- Sparkling wine undergoes it’s second fermentation in metal tanks or bottles, as opposed to wooden barrels. This is what gives it the bubbles! A complicated processes of tipping the bottle to remove yeast cells and releasing pressure follows, before it’s ready for corking
- Brut means dry, or less sweet
Interview with Sommelier Shannon Silver
Shannon, thank you so much for helping to enlighten me about bubbles! I’m really excited for your blog (Champagne at Shannon’s) to debut later this spring, and to see all of the amazing recipes, pairings, and date ideas relating wine and food that you’ll be sharing.
What are some random champagne facts people might not know?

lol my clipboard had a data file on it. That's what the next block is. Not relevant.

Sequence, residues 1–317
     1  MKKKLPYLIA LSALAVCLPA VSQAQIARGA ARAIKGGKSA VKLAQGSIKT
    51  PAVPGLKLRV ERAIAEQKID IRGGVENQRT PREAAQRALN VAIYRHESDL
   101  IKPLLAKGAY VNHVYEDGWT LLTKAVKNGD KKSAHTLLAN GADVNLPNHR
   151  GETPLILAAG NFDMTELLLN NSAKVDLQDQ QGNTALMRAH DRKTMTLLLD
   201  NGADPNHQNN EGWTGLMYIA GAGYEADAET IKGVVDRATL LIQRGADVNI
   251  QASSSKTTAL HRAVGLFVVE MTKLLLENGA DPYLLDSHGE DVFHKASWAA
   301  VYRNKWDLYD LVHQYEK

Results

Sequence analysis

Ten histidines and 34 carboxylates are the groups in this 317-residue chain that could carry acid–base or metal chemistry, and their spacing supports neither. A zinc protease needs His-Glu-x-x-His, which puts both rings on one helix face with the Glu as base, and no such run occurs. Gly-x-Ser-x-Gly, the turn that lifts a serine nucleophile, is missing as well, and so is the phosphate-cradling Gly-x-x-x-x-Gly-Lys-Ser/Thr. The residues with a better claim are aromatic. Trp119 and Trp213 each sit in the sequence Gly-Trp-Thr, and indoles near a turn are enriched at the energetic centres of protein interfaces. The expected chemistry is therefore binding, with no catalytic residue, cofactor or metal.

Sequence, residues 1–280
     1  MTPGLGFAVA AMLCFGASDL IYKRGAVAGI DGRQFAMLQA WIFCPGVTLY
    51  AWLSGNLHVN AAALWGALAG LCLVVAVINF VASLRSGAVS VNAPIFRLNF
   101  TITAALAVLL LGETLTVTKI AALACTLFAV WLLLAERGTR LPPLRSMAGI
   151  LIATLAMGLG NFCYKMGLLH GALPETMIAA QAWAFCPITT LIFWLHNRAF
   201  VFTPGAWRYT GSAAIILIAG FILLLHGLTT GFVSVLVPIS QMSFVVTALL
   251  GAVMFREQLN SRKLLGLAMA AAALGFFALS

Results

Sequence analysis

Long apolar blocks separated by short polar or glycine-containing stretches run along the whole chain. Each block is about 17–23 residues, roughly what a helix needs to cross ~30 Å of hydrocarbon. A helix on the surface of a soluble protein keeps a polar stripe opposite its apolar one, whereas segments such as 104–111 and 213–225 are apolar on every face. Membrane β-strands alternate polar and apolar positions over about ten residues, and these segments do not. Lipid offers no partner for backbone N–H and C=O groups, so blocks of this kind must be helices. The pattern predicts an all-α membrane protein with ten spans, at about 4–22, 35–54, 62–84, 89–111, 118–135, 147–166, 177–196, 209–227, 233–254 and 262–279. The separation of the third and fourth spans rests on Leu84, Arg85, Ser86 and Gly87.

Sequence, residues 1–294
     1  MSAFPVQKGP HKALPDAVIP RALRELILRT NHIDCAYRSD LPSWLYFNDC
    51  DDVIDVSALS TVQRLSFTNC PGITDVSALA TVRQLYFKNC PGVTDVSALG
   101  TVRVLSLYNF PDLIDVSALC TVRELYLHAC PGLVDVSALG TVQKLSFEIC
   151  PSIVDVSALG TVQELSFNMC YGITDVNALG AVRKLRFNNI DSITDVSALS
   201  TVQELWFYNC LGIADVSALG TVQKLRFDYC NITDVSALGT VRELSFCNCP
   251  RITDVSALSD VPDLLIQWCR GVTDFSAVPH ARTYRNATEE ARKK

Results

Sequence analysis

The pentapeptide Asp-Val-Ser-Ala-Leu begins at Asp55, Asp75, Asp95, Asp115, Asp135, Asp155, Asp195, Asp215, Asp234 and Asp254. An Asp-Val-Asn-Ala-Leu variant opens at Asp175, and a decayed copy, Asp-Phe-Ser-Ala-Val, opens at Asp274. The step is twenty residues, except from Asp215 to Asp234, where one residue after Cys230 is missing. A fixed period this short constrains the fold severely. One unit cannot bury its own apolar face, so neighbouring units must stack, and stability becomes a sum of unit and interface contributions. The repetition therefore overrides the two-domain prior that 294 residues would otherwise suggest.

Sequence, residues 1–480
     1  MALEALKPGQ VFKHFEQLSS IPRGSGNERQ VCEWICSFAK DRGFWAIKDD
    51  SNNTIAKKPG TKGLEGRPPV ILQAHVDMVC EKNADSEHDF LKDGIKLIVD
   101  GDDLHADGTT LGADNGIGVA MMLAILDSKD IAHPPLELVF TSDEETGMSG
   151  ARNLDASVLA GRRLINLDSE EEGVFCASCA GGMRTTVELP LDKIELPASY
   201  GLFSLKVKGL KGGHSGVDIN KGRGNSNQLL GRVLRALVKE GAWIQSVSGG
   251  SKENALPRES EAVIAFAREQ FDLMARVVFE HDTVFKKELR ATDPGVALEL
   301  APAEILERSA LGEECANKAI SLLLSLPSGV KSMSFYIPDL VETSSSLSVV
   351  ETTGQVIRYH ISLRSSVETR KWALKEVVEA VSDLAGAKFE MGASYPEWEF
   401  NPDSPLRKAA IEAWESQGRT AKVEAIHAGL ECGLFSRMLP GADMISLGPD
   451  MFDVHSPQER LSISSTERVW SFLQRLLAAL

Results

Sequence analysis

- It’s rumored that Marilyn Monroe once took a bath in 350 bottles of champagne
- Better sparkling wines have tiny bubbles
- There are 49 million bubbles on average, in each bottle of champagne
- An unopened bottle of Veuve Clicquot was recovered from a 250 year old shipwreck sold for $156,000 in 2012
- Brut champagne was not created until 1850
- The traditional wide mouthed champagne glass was said to be molded from the bust of Marie Antoinette!
As a Sommelier, what are your favorite wineries for bubbles in Napa Valley and the surrounding area?
I cannot recommend Iron Horse Winery (in Sebastopol just outside of Napa) enough! If you are a local or making plans to visit Napa, this is a must. The panoramic views of the valley are breathtaking, with wines to match. I highly recommend the Wedding Cuvee. The colour is a nice rose gold, and it is on the fuller bodied, creamy side. Think strawberries and cream.